The general idea underlying the PREA is that the basic elements with higher acceptability are encapsulated and keep constant in the later searching process. With the evolution of the individual solutions and the corresponding reduced problems, the common basic elements of individual solutions are reserved from iteration to iteration. Other basic elements are still passed to the next iterations and evolve in successive searching processes, which helps to keep the diversity of the population. With the increase of common basic elements, all individual solutions will eventually be the same which happens to be the near-optimal solution for the problem.
4. Experimental Results and Analysis
Experiments have been conducted to analyze the performance of the proposed PREA for the CVRP. They were carried out with the standard benchmarks of Christofides and Eilon  and Golden et al. . The problem set of Christofides includes 14 problem instances C1–C14 and that of Golden 20 instances G1–G20. It is noted that customers in problems C1–C10 are randomly distributed, while in problems C11–C14 customers are distributed into clusters. The problems C1–C5, C11-C12, and G9–G20 are CVRPs, and problems C6–C10, C13-C14, and G1–G8 belong to CDVRPs. For all problem instances, the number of customers ranges from 50 to 483. The proposed PREA is implemented in C++ and runs on an Intel Core E7500 2.93 GHz PC.
The critical point in PREA is how to encapsulate parts of a solution to form a new smaller-size optimization problem. This is achieved by the appropriate choice of parameters and which are directly related to both the accuracy and the convergence of the PREA. To evaluate the influence of these two parameters, and are set to different values in our experiments. The test instances are the 5 CVRPs (C1~C5, the number of customers ranges from 50 to 199) of Christofides. For each pair of and , 50 independent runs are carried out for each instance. The results are shown in Figure 3.
(a) The running time for different parameters
(b) The accuracy for different parameters
In Figure 3, time represents the average running time for a single run while gap (%) evaluates the difference (in percentage) between the average solutions (the average of 50 runs for each instance) and the given best known solutions (BKSs). It is clear that, with the decrease of and , more accuracy solutions can be achieved; yet this consumes more running time. This coincides with the analysis that smaller and lead to less reduction in size for the reduced problem which implies a larger searching area with more time needed. To evaluate the influence of population size, experiments are also conducted on 5 CVRPs (C1~C5) of Christofides with different . The parameters and are set to 0.5 and 0.9, respectively, in the experiments. The results are shown in Figure 4.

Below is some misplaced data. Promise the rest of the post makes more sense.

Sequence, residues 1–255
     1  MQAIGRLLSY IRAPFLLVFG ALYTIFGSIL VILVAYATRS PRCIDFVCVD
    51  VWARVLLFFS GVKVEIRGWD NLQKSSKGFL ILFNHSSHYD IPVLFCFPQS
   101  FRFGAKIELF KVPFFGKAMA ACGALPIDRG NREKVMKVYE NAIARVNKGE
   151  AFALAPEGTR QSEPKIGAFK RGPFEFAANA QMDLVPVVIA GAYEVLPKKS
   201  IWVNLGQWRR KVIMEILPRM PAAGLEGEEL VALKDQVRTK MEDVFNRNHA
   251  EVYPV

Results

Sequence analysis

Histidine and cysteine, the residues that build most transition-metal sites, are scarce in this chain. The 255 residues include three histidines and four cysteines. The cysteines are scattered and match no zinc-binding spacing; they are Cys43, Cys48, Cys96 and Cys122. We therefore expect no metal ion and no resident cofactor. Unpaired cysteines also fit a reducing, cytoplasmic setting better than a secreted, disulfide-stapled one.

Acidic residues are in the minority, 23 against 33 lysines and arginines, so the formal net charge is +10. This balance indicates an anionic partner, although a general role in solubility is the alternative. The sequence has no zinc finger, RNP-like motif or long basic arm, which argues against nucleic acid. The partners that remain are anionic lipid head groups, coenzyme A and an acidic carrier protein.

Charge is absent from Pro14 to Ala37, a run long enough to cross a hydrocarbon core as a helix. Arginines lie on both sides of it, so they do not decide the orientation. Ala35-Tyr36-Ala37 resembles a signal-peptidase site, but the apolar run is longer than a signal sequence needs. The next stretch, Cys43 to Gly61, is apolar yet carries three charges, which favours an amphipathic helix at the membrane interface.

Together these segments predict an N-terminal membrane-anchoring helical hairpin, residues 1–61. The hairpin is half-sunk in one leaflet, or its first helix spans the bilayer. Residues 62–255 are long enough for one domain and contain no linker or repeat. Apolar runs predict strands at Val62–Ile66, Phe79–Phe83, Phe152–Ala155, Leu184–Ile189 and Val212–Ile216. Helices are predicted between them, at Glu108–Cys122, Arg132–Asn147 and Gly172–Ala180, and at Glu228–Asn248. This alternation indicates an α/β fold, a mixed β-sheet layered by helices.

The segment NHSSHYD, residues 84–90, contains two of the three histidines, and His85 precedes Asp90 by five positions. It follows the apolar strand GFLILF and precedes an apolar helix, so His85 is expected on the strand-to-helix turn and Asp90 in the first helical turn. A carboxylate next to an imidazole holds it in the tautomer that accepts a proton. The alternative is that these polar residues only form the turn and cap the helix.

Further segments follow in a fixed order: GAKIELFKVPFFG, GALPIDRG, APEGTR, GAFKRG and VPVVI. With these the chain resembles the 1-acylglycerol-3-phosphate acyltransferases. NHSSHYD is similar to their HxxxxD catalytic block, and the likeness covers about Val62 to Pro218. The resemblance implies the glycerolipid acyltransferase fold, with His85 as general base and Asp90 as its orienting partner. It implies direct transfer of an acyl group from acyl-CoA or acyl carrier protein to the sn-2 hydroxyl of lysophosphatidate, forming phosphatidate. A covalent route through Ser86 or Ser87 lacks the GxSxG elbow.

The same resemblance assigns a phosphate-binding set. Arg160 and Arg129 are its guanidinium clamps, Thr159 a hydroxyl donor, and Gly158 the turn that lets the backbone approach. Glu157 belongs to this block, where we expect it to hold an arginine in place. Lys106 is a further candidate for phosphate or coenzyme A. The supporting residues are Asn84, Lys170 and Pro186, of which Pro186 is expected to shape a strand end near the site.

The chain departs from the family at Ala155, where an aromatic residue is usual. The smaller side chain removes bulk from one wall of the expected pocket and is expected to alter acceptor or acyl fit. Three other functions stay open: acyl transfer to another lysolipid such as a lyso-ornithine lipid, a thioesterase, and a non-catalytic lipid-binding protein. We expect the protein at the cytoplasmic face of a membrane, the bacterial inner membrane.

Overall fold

(a) The accuracy for different pop size
(b) The running time for different pop size
Figure 4 shows that by increasing the population size, we can get better results, but this requires more computational time. More individuals in the population make the poor basic elements have less chance to become the common parts of the individuals; thus the solution is improved. Even if is set to 2, the PREA can find the solutions close to the BSKs in short time. When increasing to 10, the average results are very close to the BSKs, and the computation time is quite acceptable. By carefully adjusting the three parameters , , and , the PREA can achieve better solutions quickly. This provides a convenient way for users to compromise between computational time and the quality of solution.
To investigate the convergence performance of the PREA, especially the mechanism of the encapsulation strategy, we illustrate the detailed evolution process for PREA for problem case G10 (323 customers) in Figure 5, with the parameters chosen as , , and . Figure 5(a) displays the evolution of the average scale of the reduced problem in the group. The size of the reduced problem decreases from the original 268 to the final 52, with a drastic decrease happening from around the 180 iterations (we call this acute phase). In no more than 20 iterations, the scale of the problems decreases to one half, while at the beginning this should require more than 100 iterations (we call it obtuse phase). It is worth noting that the gentle decrease of size in obtuse phase is necessary which guarantees a more sufficient and diverse search for each reduced problem to find “better” components to be encapsulated. Of course, the running time complies with the scale of the reduced problem, also decreasing quickly in the acute phase. A careful examination of Figure 5(b) reveals that, in the acute phase, the decrease in fitness is significant and the PREA can still find better solutions efficiently. This is easily explained, since during the later iterations, more and more common basic elements are picked up and encapsulated so that PREA can concentrate on smaller and more promising areas, which greatly improves the searching efficiency.
(a) Evolution of average problem scale
(b) The best and average fitness curves